Day 131: How art gives shape to cultural change

If Thelma Golden, curator of the Studio Museum in Harlem, were to write a book, it would be called, ‘Artists who have led to my exhibitions.’
In her role at the museum, Golden wanted to reinvent the space as a think tank where people could ask questions and artists who had created new places could exhibit.
Harlem is a unique place, Golden tells is, in that it looks both backwards and forwards at the same time as remaining in the present. What some would see as a home for many black Americans has undergone a renaissance over the years. The Studio was formed in the late 1960s out of a protest movement, with the aim of promoting artists of African descent.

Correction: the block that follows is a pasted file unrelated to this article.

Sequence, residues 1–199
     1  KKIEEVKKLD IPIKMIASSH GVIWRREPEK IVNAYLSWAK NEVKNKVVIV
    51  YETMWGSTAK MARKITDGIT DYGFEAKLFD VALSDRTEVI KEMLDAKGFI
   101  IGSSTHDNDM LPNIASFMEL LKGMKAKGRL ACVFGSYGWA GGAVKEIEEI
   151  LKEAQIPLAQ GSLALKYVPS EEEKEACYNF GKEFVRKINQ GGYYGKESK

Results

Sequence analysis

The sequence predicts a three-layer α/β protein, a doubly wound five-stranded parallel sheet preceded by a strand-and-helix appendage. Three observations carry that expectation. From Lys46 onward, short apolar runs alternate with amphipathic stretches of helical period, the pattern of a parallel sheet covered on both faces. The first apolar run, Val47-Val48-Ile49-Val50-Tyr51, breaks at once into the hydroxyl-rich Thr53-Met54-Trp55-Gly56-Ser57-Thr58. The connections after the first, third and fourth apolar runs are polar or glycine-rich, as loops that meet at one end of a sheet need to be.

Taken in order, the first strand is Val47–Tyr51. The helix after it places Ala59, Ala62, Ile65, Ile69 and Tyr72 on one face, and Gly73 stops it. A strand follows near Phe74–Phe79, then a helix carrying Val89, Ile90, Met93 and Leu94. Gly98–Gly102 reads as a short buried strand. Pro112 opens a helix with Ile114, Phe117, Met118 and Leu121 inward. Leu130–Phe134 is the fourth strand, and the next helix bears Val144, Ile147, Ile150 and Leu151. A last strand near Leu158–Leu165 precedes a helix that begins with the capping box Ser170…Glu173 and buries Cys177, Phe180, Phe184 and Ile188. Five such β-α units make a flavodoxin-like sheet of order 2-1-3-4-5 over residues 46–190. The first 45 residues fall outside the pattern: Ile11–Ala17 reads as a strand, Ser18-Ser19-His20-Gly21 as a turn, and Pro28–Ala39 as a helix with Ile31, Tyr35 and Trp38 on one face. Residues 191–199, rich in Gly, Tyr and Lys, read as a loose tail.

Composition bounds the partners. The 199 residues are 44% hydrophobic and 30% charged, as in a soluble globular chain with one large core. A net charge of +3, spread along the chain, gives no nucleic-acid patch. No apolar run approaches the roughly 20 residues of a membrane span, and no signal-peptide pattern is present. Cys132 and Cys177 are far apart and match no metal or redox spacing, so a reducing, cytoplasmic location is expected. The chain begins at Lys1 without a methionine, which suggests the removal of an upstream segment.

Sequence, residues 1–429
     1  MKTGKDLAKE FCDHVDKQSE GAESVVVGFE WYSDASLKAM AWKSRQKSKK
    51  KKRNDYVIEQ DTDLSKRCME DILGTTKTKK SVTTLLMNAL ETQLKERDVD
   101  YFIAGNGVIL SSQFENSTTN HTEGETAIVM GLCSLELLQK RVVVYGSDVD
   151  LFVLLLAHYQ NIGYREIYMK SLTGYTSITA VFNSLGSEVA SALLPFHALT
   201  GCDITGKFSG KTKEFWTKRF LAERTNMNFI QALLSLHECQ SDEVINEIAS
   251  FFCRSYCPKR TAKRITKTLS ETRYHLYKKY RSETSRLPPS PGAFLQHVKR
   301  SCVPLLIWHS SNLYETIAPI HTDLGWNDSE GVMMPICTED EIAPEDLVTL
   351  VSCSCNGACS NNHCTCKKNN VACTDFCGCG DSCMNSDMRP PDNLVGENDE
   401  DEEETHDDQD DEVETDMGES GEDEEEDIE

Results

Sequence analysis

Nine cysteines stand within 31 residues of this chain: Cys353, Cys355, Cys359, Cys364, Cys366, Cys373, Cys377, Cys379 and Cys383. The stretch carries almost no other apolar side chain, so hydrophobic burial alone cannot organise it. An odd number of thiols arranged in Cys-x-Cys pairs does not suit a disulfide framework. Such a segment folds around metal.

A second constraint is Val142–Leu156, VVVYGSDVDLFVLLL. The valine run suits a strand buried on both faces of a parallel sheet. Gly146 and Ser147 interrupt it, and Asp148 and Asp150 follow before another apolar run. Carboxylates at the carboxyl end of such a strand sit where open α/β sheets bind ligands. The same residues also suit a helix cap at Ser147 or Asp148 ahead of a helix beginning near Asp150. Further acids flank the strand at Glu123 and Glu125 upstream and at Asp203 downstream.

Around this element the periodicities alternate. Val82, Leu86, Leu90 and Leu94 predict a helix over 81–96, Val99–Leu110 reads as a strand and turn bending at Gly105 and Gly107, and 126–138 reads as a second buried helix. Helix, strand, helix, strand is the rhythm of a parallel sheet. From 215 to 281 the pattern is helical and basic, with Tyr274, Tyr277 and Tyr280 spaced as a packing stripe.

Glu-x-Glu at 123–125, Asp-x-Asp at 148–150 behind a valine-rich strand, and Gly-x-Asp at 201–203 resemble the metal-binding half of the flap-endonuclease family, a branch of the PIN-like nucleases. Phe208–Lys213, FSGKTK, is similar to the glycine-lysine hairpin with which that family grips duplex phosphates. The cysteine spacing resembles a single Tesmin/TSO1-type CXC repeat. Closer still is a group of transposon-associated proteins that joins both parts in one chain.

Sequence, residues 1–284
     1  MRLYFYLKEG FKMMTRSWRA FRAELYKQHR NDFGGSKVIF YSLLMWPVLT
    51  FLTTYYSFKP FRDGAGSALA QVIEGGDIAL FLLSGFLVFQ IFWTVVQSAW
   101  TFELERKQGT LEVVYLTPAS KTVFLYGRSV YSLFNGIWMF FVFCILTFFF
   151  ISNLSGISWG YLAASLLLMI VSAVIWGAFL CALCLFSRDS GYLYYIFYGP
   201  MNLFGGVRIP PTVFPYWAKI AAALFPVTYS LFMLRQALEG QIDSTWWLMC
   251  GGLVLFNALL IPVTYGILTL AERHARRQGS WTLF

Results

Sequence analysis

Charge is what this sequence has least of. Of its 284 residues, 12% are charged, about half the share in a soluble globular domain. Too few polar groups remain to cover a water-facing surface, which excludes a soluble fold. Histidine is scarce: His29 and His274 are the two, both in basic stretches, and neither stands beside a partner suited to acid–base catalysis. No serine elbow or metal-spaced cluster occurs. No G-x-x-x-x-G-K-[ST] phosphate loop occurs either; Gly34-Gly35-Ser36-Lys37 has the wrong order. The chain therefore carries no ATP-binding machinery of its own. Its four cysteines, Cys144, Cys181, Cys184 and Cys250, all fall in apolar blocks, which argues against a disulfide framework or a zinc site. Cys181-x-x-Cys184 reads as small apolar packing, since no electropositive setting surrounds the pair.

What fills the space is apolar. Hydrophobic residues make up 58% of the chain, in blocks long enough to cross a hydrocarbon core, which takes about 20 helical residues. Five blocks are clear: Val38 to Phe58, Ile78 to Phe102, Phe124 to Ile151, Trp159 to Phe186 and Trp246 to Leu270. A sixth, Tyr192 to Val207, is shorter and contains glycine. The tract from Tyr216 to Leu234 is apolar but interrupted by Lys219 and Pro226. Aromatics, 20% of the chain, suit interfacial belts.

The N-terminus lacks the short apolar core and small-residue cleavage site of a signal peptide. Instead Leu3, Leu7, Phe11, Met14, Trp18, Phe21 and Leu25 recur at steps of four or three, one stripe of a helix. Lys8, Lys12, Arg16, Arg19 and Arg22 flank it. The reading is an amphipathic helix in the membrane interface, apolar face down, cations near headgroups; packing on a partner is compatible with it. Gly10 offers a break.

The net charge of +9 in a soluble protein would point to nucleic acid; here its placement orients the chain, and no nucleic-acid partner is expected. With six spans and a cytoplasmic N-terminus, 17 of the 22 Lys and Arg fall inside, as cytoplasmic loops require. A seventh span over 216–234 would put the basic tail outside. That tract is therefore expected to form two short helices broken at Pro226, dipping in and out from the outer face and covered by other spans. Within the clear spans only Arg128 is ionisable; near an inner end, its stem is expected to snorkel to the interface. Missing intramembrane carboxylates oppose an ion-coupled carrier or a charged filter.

When curating exhibitions, Golden is amazed by how discussions of race can move to areas she’d never imagined, facilitated often by art. She aims to answer several questions, including what it means to be African American today. Examples of the works displayed in the Studio Museum are shown in this talk. The collection, ‘Black Male,’ for example, looked at race and gender in American art through examining black masculinity.
In 1975, Muhammed Ali gave a statement at Harvard University, in which he was asked to recite a poem. His poem was two words; ‘Me: We.’ Art can provide similarly profound statements on the individual and community.


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